The U.S. is engaged in a massive effort to vaccinate the bulk of its population against COVID-19. But some states are working faster than others. See how yours is faring.
Last year, in her first year of medical school at Harvard, Pooja Chandrashekar recruited 175 multilingual health profession students from around the U.S. to create simple and accurate fact sheets about COVID-19 in 40 languages.Michele Abercrombie for NPRhide caption
People line up for COVID-19 vaccinations last month in Hagerstown, Md. Each person vaccinated helps end the pandemic, epidemiologists say, and helps lower the rate of hospitalization and death from COVID-19.Chip Somodevilla/Getty Imageshide caption
This 16-year-old got a Pfizer-BioNTech COVID-19 shot late last month at the UCI Health Family Health Center in Anaheim, Calif. Students as young as 12 are now eligible to get the vaccine, too, the FDA says.Paul Bersebach/MediaNews Group/Orange County Register via Getty Imageshide caption
toggle captionPaul Bersebach/MediaNews Group/Orange County Register via Getty Images
Since moving into her own place, Rita Stewart says, she feels healthier, supported and hasn't returned to the emergency room. "This is a chance for me to take care of myself better."
A teen gets a dose of Pfizer's COVID-19 vaccine last month at Holtz Children's Hospital in Miami. Nearly 7 million U.S. teens and preteens (ages 12 through 17) have received at least one dose of a COVID-19 vaccine so far, the CDC says.
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Kayla Northam's weight topped 300 pounds as a teenager. She'd started to develop diabetes, and liver and joint problems before seeking bariatric surgery about a decade ago at age 18.
The infectious and contagious rabies virus, shown here in a colorized micrograph, can be transmitted to humans through the bite or saliva of an infected animal. Thanks to protective vaccination of pets, rabies was eliminated from the U.S. dog population in 2007, though a bite from infected bats, skunks and raccoons can still transmit the virus.
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Solid research has found the vaccines authorized for use against COVID-19 to be safe and effective. But some anti-vaccine activists are mischaracterizing government data to imply the jabs are dangerous.
Poverty and disability are linked to lower vaccination rates in some rural communities. The Vaccination Transportation Initiative sponsored van helps rural residents get the COVID-19 vaccine in rural Mississippi. The effort works to overcome the lack of transportation and access to technology for rural residents.
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Therapist Kiki Radermacher was one of the first members of a mobile crisis response unit in Missoula, Mont., which started responding to emergency mental health calls last year. That pilot project becomes permanent in July and is one of six such teams in the state — up from one in 2019.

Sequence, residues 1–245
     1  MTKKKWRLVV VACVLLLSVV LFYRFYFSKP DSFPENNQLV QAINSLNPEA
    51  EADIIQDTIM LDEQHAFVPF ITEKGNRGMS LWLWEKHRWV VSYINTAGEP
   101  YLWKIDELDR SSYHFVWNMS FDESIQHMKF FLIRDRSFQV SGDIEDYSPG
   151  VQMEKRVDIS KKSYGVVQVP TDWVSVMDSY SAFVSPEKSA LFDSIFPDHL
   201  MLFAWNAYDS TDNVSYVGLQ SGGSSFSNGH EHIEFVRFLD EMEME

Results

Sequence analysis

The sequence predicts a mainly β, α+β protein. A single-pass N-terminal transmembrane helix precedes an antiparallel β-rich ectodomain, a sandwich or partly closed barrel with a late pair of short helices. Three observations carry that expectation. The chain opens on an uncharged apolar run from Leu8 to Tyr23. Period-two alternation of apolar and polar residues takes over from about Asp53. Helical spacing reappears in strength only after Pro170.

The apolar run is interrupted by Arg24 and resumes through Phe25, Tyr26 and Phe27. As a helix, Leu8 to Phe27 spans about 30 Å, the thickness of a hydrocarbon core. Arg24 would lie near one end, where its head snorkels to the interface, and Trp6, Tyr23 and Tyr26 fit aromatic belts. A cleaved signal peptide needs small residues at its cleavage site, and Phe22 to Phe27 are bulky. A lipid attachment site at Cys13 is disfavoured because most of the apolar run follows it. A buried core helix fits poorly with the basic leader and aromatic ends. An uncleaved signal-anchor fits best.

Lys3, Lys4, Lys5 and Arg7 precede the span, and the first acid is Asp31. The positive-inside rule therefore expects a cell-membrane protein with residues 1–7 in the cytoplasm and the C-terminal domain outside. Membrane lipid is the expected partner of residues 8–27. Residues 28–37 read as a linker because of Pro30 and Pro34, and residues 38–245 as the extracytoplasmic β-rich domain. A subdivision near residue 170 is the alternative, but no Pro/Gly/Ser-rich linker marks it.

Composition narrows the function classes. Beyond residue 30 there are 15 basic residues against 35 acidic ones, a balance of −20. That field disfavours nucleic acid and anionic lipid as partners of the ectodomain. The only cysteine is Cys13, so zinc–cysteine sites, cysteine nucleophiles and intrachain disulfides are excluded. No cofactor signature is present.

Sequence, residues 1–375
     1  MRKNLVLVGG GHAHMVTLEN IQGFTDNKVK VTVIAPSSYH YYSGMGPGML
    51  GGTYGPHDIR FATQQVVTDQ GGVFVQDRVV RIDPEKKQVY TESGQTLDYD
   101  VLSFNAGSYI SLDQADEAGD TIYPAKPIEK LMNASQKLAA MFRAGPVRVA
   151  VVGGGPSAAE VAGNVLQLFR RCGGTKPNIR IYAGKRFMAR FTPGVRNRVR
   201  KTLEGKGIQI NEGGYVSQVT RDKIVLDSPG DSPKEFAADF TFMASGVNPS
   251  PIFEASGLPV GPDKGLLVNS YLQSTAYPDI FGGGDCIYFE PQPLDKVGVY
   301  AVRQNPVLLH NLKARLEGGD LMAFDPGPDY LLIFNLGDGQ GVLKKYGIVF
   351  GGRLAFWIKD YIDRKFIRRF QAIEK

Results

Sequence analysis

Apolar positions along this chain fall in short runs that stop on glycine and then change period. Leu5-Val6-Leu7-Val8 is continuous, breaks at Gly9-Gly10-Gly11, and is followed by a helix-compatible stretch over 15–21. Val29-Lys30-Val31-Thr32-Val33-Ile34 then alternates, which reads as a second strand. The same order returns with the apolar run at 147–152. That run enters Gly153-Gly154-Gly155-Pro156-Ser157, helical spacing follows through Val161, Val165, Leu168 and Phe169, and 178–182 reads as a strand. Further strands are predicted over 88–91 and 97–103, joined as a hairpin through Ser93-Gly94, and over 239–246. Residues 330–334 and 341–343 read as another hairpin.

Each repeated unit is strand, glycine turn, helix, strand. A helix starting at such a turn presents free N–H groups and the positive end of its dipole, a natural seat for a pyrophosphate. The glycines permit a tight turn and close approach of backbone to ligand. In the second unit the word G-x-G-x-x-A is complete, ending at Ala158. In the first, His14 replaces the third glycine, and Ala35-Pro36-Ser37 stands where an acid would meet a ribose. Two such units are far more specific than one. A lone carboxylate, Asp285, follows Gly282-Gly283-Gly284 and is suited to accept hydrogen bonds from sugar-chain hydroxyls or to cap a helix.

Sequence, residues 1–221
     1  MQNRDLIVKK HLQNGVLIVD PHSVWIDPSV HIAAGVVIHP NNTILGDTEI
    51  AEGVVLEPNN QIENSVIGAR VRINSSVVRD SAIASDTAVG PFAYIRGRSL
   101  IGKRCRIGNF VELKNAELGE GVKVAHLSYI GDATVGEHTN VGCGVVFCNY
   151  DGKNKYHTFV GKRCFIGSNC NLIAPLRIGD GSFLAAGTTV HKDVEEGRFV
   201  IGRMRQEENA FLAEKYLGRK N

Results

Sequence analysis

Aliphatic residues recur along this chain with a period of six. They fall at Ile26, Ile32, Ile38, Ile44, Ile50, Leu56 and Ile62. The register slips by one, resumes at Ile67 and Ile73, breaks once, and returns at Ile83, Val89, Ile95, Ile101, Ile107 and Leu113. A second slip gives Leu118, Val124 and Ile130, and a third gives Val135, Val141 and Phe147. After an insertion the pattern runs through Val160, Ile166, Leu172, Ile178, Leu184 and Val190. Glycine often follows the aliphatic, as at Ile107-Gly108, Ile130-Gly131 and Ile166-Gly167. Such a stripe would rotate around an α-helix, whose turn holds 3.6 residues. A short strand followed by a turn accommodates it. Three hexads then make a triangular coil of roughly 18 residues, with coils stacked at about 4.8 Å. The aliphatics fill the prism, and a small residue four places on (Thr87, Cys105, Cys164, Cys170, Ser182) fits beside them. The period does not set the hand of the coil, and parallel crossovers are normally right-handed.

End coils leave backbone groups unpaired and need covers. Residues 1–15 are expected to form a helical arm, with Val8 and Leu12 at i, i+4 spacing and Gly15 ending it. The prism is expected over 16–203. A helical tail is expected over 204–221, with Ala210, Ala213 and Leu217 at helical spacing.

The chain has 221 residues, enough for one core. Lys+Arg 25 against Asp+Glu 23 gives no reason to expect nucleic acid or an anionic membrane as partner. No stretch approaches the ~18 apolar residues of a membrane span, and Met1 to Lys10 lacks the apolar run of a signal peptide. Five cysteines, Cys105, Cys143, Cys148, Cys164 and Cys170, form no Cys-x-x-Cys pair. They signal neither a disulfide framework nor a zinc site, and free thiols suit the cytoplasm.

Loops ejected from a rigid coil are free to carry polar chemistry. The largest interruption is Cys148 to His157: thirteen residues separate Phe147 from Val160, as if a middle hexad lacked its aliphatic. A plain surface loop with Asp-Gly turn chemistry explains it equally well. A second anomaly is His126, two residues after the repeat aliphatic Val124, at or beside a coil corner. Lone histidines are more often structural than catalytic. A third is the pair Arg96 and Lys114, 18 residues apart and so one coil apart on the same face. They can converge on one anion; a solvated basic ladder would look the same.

By the time Victoria Cooper enrolled in an alcohol treatment program in 2018, she was "drinking for survival," not pleasure, she says — multiple vodka shots in the morning, at lunchtime and beyond. In the treatment program, she saw other women in their 20s struggling with alcohol and other drugs. "It was the first time in a very long time that I had not felt alone," she says.
Ferguson Menz/Kaiser Health News
A movie released online by Children's Health Defense, an anti-vaccine group headed by Robert F. Kennedy Jr., resurfaces disproven claims about the dangers of vaccines and targets its messages at Black Americans who may have ongoing concerns about racism in medical care.
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In this 2009 photo, Stephen Cox (left), Mike Forte (center), and Maria Gallo (right), all medical students then, were busy studying a cadaver in the lab at Rocky Vista University's Parker, Colo., campus. Rocky Vista, a for-profit institution, last month received the green light for an accredited satellite campus in Billings, Mont.
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A vial of the experimental Novavax coronavirus vaccine is ready for use in a London study in 2020. Novavax's vaccine candidate contains a noninfectious bit of the virus — the spike protein — with a substance called an adjuvant added that helps the body generate a strong immune response.
Dr. William Burke reviews a PET brain scan at Banner Alzheimer's Institute in Phoenix in 2018. An experimental Alzheimer's drug from Biogen and Eisai is on the verge of a Food and Drug Administration decision.